Recapitalisation: rebalancing the balance sheet | Top ten webinar takeaways

Published on 15th Oct 2020

Now is the time for businesses to consider the options available to them to recapitalise their businesses, through debt or equity, in order to put them in the best position to weather the pandemic-induced storm.

The economic turmoil of the last six months and the availability of government-backed debt have put a focus on the sustainability of balance sheets. Unsustainable debt can affect the ability to trade in the short term, and in the longer term can have an impact on growth and investment.

A recent Osborne Clarke webinar considered the options that companies have to recapitalise and rebalance their balance sheets following the impact caused by the Covid-19 pandemic. Osborne Clarke experts Mark Wesker, Max Millington and Vicky Dudding were joined by James Austin of BGF and Ian Brown of Arrowpoint Advisory to discuss the opportunities available to businesses in the current climate and their experiences in the market over the past six months. Here are our top ten takeaways from that discussion:

1. Recapitalisation can be a positive step:

Recapitalisation is the umbrella term used to cover any steps or actions used to 'fix' the problem of too much debt. It is estimated that there will be around £70 billion of unsustainable debt held by businesses by the end of March 2021.

However, recapitalisation is an opportunity for all businesses, including those carrying more sustainable debt, to take stock and consider their ideal balance sheet structure.

2. Equity investment solutions:

Fresh equity investment from either existing shareholders of new shareholders will improve the debt:equity gearing or may allow for the refinancing of existing debt. Converting debt obligations into equity in the borrower, or even another company, may also be an option to remove or reduce a debt burden on the company.

3. Listed companies finding it easier?

2020 has demonstrated the relative ease with which listed companies have been able to raise money through the use of secondary fundraising. It was reported recently that companies listed on the AIM market had raised £2.8bn through secondary fundraisings during the first six months of the year.

4. Debt solutions:

Debt refinancing through new or existing lenders may help to stabilise a business through consolidating indebtedness and gaining certainty of financing for a post-Covid business case. Debt restructuring or debt buy-backs provide alternative solutions to reduce the debt burden of companies looking to regain control of their balance sheets.

5. Cash remains king:

The next six to twelve months will be uncertain and difficult to predict but having strong cash reserves will allow businesses to react to unforeseen financial challenges, as well as to take advantage of potential growth opportunities that would not arise under normal circumstances.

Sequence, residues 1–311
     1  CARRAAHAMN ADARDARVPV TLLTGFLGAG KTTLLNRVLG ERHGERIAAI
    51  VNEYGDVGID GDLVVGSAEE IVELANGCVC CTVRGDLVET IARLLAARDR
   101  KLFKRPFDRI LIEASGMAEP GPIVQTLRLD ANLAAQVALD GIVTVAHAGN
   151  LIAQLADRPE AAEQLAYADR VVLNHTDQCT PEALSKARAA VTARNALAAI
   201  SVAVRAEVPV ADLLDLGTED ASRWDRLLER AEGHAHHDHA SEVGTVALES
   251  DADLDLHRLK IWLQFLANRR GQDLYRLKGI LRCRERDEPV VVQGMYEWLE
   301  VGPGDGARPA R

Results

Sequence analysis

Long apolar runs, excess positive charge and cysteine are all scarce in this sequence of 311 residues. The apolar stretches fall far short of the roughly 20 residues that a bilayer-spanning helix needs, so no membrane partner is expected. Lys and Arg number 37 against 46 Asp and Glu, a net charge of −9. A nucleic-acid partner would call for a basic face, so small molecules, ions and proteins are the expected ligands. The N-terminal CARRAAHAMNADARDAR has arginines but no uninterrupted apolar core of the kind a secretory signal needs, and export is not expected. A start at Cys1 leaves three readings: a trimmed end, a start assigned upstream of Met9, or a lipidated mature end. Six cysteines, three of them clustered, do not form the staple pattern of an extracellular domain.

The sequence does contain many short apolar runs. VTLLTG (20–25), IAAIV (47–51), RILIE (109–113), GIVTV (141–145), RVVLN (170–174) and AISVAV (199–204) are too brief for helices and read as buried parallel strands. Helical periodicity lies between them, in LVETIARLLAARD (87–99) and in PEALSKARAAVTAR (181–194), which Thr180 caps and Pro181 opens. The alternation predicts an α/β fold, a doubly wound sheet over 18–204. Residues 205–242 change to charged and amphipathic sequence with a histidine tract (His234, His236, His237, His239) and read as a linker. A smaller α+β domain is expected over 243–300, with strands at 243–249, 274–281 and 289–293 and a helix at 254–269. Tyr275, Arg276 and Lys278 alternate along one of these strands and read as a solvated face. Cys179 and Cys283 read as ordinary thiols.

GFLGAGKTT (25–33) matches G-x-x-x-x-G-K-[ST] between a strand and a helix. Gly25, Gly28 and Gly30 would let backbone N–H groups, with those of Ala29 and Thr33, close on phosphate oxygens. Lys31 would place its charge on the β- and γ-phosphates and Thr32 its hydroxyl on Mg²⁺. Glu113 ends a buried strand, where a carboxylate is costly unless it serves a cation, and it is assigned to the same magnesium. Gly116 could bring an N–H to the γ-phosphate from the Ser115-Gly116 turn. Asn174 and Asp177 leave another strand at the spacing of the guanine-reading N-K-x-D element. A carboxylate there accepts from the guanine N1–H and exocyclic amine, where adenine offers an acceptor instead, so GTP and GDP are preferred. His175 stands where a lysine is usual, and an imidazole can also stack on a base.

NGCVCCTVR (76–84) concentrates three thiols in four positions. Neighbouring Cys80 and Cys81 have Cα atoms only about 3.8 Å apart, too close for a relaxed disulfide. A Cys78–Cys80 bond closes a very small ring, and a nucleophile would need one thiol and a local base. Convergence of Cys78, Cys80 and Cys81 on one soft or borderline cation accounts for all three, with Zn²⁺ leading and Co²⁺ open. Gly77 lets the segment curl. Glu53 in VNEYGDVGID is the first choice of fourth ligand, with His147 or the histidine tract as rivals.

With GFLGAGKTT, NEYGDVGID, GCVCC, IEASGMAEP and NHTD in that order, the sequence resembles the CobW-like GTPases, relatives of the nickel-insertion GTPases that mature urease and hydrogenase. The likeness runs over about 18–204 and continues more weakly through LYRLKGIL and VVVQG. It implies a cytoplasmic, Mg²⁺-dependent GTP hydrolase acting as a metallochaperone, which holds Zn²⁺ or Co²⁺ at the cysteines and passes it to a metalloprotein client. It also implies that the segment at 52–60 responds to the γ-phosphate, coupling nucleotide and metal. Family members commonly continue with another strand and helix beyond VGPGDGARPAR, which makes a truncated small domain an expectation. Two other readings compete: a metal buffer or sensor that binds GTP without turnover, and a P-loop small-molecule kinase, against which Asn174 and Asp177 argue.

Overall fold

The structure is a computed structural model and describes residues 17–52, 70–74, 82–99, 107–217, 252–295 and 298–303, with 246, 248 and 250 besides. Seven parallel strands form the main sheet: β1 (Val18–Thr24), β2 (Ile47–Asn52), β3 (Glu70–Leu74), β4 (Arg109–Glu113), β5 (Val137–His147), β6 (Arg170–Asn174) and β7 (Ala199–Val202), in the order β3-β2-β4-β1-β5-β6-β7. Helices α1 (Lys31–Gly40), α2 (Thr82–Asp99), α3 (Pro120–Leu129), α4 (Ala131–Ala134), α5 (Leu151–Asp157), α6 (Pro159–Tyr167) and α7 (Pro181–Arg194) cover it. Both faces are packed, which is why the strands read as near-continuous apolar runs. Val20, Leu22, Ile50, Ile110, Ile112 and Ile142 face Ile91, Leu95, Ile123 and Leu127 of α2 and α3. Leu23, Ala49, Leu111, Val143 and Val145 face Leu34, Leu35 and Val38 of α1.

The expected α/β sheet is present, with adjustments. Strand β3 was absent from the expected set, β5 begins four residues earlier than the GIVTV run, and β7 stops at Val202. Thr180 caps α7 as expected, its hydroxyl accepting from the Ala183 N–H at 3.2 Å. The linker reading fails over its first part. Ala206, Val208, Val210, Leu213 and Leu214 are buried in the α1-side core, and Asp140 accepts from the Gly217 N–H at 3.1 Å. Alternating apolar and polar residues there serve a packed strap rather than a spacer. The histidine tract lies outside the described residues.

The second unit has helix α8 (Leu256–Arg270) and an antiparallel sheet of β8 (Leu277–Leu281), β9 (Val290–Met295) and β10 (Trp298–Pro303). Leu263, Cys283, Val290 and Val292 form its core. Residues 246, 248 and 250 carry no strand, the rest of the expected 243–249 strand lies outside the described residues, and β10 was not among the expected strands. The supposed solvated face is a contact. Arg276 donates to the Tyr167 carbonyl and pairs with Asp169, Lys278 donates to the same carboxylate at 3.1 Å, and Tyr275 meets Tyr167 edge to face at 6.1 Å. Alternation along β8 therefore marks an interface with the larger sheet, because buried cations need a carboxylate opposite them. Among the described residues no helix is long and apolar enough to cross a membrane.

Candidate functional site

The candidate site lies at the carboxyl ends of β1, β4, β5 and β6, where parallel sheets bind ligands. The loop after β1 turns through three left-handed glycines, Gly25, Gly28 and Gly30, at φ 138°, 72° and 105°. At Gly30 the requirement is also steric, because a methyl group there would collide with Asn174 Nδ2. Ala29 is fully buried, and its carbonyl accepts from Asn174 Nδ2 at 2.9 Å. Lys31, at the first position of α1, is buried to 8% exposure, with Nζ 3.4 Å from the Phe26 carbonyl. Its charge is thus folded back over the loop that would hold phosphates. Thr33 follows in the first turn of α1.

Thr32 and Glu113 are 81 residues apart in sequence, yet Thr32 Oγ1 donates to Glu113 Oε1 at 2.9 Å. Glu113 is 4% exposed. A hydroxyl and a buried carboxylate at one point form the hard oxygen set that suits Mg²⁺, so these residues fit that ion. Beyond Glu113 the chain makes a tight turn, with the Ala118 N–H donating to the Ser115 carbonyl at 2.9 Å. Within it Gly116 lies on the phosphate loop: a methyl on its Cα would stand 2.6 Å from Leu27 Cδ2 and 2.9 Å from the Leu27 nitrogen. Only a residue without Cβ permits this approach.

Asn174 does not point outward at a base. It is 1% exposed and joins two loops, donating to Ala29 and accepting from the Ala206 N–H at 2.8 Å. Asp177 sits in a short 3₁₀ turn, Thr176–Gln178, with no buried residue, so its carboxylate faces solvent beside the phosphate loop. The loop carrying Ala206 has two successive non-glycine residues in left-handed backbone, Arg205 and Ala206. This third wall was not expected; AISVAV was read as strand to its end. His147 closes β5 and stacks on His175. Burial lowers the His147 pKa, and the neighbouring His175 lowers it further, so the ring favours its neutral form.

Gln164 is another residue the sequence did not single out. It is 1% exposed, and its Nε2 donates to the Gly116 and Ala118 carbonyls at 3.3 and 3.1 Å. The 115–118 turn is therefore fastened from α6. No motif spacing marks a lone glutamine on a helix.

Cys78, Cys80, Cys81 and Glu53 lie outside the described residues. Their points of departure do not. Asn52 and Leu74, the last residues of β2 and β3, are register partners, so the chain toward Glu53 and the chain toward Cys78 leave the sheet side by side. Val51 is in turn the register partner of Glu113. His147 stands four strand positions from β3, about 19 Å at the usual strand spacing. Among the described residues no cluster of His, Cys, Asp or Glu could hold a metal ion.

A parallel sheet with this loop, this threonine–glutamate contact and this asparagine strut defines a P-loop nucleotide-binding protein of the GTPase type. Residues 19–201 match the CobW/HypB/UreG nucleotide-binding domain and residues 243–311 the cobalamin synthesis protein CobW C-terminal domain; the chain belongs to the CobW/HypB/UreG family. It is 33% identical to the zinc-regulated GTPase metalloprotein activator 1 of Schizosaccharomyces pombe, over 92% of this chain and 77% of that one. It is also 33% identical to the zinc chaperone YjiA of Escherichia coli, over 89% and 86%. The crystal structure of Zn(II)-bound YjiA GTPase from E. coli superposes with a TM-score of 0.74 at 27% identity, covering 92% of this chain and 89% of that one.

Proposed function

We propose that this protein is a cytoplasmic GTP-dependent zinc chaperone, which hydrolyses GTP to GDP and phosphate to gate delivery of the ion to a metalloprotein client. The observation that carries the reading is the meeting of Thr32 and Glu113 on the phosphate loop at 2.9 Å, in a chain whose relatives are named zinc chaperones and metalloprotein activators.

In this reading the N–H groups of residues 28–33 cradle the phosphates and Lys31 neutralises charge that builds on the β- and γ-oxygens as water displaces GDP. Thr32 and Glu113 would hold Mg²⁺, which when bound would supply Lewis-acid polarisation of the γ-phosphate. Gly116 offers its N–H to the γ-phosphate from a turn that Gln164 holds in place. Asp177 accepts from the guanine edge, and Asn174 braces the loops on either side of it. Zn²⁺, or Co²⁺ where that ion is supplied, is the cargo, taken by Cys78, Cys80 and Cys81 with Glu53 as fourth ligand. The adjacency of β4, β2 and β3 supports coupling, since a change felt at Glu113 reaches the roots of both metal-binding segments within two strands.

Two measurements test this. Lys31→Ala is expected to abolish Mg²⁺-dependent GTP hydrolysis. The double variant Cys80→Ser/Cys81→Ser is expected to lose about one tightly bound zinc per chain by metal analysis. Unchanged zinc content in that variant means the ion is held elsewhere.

6. Seek out experts:

Investor experience shows that businesses that bring in appropriate senior expertise and additional management resource have the best chance to grow, regardless of their business or sector. It is also important to engage external expert help and experience where available, including from legal, tax, and debt/restructuring advisory perspectives.

7. No "silver bullet" solution:

There is no one-size-fits all answer to these challenges and therefore it is crucial to weigh up all of the options available and seek advice. In the current climate, positions and sentiments can change quickly so consider lining up 'insurance' options and strategies. Directors should be mindful of their duties in considering their options but businesses should not feel cornered if situations change.

8. Act promptly:

Be aware of your own bandwidth, but also that of other stakeholders including potential investors and banks. Early engagement will provide a greater range of options, allow the right discussions to take place and enable the best deals to be arranged.

9. The next six months will be crucial:

March 2021 is seen as a crunch point for many businesses, reflecting the timescales for the latest government restrictions and coinciding with key quarter dates. Businesses should be alert to important dates approaching and the potential impact to their balance sheet (and cashflow) positions.

10. Work with people you like!

Strong and constructive relationships with people brought in or external advisors will be essential. Some very difficult decisions and conversations will take place and positive relationships with those around you will help the process run smoothly.

You can read more discussion on recapitalisation options and points to consider on our website.

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* This article is current as of the date of its publication and does not necessarily reflect the present state of the law or relevant regulation.

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